Roosevelt Wetlands

Roosevelt Wetlands


This fairly new created wetland came to the attention of local birders when both a Black-bellied Whistling-Duck and a pair of Purple Gallinules were seen here in 2008. The duck(s) were seen again the next year, but have not been reported since and the gallinules are an infrequent visitor and perhaps nester. But if you want to “hear” the following species within the dense wetland vegetation it is the place to go; Least Bittern, Sora, Virginia Rail, Sedge Wren, Marsh Wren and Swamp Sparrow. Of course, with patience and a little enticing any of them may show themselves.

FALL: Usually by late September and early October the first wintering marsh birds have arrived. Because there are no trees there is a lot of sky to scan. Watch for migrating hawks and vultures anytime from late September into November. Also, check the tall power poles off to the west for Bald Eagle. Almost anything may show up during fall migration as far as passerines are concerned, like a White-crowned Sparrow did in 2017.

WINTER: Few ducks winter here, but occasionally a stray flock of Blue-winged Teal, Ring-necked Duck or Northern Shoveler. It’s a go-to spot to see a Northern Harrier during the winter season. The marsh birds are the highlight, so get there early to hear one calling.

SPRING-SUMMER: : Not a whole lot of birders get to this site during spring and summer. There are no major stands of trees to hold migrating passerines or woodland species. Expect to see a few Northern Cardinals, Loggerhead Shrike, Eurasian Collared-Dove, Boat-tailed Grackle, Red-winged Blackbird and Common Gallinule. Least Bitterns are common in the marsh. Listen for their soft coo-coo call. If you’re in the area in summer it might be worth a stop to see if any Purple Gallinules or Black-bellied Whistling-Ducks have returned. Also, if you happen upon any Mottled Duck types take the time to analyze them well to make sure their are not yet another Mallard X Mottled hybrid. The marsh looks to be a prime spot for Mottled Duck nesting.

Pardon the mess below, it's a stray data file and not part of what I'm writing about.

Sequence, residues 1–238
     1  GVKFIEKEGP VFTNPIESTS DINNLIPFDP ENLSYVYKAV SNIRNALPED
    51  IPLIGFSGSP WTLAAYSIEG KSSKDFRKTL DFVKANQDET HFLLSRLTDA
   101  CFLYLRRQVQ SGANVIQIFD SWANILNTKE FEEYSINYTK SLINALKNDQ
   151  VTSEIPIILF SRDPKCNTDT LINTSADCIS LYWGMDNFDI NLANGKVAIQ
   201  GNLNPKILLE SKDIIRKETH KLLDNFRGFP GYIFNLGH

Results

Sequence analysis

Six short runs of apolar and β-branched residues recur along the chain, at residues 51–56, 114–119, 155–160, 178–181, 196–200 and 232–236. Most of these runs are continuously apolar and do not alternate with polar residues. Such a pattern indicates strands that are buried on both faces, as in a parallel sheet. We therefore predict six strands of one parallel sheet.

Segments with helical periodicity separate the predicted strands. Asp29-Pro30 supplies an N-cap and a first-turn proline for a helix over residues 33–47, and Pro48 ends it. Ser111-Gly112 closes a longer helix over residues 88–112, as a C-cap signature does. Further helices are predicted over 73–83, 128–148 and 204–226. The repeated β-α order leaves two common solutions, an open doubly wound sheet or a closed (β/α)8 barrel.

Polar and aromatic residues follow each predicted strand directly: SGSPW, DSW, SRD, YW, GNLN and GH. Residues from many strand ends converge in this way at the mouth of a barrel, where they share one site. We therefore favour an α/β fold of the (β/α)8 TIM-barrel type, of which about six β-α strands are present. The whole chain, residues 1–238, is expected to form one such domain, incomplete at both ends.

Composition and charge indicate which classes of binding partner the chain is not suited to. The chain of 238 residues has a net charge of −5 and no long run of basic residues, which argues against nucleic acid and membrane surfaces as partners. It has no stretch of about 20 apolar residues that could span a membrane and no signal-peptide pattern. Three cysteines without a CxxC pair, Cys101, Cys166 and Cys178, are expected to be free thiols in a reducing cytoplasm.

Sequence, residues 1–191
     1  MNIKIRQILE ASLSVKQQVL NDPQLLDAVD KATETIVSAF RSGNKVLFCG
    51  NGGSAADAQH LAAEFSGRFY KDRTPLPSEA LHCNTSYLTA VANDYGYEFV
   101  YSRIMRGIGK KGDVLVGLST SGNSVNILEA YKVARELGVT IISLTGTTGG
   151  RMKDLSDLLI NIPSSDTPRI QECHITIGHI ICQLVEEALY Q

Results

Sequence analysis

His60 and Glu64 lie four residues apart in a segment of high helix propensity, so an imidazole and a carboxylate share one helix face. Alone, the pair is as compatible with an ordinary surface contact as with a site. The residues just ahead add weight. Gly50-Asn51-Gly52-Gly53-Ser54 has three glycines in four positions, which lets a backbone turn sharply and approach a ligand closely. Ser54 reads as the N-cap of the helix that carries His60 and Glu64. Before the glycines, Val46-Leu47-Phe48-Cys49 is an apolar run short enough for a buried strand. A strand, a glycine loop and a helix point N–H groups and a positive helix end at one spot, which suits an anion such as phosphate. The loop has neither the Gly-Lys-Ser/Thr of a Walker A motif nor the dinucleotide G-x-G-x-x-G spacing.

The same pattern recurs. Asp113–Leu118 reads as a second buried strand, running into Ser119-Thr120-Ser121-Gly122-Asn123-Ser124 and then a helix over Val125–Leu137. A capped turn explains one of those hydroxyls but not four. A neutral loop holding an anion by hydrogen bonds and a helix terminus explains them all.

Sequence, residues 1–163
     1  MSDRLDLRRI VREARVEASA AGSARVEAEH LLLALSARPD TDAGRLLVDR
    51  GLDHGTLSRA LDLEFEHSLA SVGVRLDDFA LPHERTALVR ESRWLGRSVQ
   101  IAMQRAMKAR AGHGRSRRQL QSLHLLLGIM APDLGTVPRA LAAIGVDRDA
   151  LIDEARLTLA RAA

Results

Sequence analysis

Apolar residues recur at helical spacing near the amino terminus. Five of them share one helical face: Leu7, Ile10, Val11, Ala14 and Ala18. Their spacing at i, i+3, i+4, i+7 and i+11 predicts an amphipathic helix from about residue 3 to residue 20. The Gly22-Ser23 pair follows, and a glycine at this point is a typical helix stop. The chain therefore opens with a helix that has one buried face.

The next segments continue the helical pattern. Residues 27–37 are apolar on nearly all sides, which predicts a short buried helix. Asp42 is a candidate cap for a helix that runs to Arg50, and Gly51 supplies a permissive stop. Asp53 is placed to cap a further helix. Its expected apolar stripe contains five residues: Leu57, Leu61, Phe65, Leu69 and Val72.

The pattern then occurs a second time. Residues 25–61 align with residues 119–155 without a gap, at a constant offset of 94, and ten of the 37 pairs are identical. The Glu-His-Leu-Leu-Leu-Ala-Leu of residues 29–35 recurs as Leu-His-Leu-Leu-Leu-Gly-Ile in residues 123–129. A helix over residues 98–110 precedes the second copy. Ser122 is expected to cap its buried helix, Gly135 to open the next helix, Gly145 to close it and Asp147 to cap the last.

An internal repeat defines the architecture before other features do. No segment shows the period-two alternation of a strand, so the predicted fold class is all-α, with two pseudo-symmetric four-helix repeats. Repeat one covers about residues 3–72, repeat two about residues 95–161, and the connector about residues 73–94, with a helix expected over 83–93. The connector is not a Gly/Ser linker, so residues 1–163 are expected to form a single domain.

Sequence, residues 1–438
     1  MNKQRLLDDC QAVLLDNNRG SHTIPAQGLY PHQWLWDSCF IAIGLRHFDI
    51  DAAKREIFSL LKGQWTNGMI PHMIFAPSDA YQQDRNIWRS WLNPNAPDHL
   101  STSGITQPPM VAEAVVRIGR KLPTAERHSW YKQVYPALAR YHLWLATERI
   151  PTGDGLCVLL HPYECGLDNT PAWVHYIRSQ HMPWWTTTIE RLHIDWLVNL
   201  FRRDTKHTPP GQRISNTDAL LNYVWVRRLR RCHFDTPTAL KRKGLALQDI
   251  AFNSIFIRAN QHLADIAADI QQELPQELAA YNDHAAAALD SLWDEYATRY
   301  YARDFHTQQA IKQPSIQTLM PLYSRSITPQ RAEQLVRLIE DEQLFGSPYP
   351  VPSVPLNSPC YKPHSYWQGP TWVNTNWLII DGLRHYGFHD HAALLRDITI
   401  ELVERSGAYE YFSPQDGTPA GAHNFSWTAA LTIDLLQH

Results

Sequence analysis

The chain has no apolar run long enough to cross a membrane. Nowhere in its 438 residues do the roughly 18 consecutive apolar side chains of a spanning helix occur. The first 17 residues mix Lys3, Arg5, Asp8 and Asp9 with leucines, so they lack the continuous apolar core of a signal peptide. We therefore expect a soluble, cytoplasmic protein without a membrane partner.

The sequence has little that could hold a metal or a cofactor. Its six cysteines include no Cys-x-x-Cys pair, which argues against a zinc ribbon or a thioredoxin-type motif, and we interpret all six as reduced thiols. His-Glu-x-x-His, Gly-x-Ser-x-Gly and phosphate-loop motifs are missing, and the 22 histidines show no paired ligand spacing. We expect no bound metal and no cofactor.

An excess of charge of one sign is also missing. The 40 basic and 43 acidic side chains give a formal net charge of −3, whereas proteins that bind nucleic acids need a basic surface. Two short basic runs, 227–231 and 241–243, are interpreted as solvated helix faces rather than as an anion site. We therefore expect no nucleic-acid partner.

INSIDER TIPS: There are no restrooms and a dirt parking lot that holds four vehicles, but you can also park up off the curb at the street, if necessary. You can walk all the way around the wetland. It is just under a mile in length.